Myo-inositol (MI) is a unique molecule that plays an essential role in the growth and development of eukaryotic cells [5]. MI is also involved in different processes, including phosphatidylinositol (PtdIns) signaling pathway, cell wall biosynthesis, phytic acid biosynthesis, auxin storage, and transport, and the production of stress-related molecules [6]. In plants, MI is one of the most abundant forms of inositol [7] synthesized from glucose by the enzymes, L-myo-inositol 1-phosphate synthase (MIPS), and inositol monophosphate phosphatase (IMPase) [6]. The MI oxidation pathway (MIOP) consumes MI and considered a critical route for cell wall polysaccharide synthesis [5]. Along this pathway, Myo-inositol oxygenase (MIOX) as an essential monooxygenase enzyme, catalyzes the transferring process of MI into D-glucuronic acid (D-GlcUA). The UDP-GlcA is a vital sugar precursor for plant cell walls [8] and plays a significant role in the production of hemicellulose precursors [9]. MIOX maintains myo-inositol content necessary for the synthesis of some low molecular weight compounds in plants [10]. MIOX is a critical enzyme in plants AsA biosynthesis pathway. A previous study has proposed that MIOX gene overexpression leads to a 2- to 3-fold increase in AsA content of transgenic Arabidopsis plants [11]. However, recent studies have shown that MIOX controls the level of Myo-inositol without increasing AsA content [12, 13], which was further confirmed in rice where OsMIOX expression was induced by drought overexpression lines evident in improved drought tolerance in rice, without altering the level of AsA before and after stress [14]. On the contrary, AtMIOX4 (Arabidopsis) has been reported to play a significant role in AsA biosynthesis using Myo-inositol as a precursor [15]. Additionally, abiotic stress tolerance was observed in the overexpressing line by an increase in ascorbic acid content [1]. These findings indicate that MIOX is crucial in abiotic stress tolerance and might be activated under sugar starvation conditions to generate alternative sugar sources, thereby indirectly contributing to metabolic homeostasis. However, MIOX involvement in AsA biosynthesis in plants remains unclear.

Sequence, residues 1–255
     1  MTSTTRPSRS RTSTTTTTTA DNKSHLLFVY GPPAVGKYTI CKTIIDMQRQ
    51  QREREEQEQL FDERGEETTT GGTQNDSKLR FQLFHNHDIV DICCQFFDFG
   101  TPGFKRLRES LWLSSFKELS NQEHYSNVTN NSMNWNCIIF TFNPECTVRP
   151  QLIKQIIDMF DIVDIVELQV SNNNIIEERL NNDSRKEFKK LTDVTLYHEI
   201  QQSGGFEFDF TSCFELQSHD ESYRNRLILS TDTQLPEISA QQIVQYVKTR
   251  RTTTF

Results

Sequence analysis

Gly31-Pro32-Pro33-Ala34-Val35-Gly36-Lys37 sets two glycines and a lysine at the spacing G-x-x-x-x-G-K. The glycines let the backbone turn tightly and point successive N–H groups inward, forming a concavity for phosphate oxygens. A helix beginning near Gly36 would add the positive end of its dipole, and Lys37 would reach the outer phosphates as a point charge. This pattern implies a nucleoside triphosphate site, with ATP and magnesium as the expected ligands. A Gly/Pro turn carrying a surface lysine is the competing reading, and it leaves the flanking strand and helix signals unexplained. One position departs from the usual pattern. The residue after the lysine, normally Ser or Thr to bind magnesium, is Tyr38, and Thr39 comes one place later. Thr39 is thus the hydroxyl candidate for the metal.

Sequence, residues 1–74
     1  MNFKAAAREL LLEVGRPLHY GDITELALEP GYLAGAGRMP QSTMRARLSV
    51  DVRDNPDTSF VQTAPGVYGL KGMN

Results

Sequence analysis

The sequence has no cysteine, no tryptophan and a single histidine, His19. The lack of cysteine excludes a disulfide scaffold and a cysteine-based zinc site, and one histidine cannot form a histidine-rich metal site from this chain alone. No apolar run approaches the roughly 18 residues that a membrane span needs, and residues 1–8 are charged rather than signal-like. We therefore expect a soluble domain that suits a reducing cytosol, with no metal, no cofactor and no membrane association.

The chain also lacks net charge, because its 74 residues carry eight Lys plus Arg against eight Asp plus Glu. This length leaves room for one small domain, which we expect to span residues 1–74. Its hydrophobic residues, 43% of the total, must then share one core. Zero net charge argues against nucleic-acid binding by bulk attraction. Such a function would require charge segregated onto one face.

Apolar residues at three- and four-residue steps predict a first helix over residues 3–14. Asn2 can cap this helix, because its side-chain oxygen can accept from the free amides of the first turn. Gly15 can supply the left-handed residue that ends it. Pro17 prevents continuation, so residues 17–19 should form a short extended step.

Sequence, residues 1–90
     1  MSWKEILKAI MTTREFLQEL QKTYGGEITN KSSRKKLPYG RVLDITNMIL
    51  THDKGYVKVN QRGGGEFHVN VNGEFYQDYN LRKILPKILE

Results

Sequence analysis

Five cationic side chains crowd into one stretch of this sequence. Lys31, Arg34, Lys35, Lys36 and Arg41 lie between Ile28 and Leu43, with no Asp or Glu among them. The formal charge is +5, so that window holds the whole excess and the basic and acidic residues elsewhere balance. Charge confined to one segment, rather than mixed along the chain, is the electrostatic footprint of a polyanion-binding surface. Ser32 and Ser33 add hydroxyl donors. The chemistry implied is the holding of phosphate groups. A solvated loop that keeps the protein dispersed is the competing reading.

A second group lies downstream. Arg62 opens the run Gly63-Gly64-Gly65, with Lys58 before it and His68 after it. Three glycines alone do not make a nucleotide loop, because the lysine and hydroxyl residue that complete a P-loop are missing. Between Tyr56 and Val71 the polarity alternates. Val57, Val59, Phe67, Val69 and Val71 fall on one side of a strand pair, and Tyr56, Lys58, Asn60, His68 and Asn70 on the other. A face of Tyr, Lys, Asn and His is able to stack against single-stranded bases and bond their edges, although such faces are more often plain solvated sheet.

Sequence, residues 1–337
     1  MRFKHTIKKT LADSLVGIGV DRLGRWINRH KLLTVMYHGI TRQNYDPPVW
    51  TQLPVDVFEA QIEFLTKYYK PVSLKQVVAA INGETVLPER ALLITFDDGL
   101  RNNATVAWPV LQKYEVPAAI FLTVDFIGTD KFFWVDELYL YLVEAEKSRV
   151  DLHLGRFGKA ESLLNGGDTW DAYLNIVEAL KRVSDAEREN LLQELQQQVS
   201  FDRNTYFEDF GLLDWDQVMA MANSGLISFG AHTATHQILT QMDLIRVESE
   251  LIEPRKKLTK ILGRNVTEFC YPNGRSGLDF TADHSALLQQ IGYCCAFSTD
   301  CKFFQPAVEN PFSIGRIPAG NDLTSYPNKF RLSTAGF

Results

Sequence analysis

In this study, we performed a genome-wide identification of the MIOX gene family and investigated the role of Myo-inositol (MI) as a precursor of AsA biosynthesis in tomato. MIOX4 transgenic lines resistance to abiotic stresses was also studied.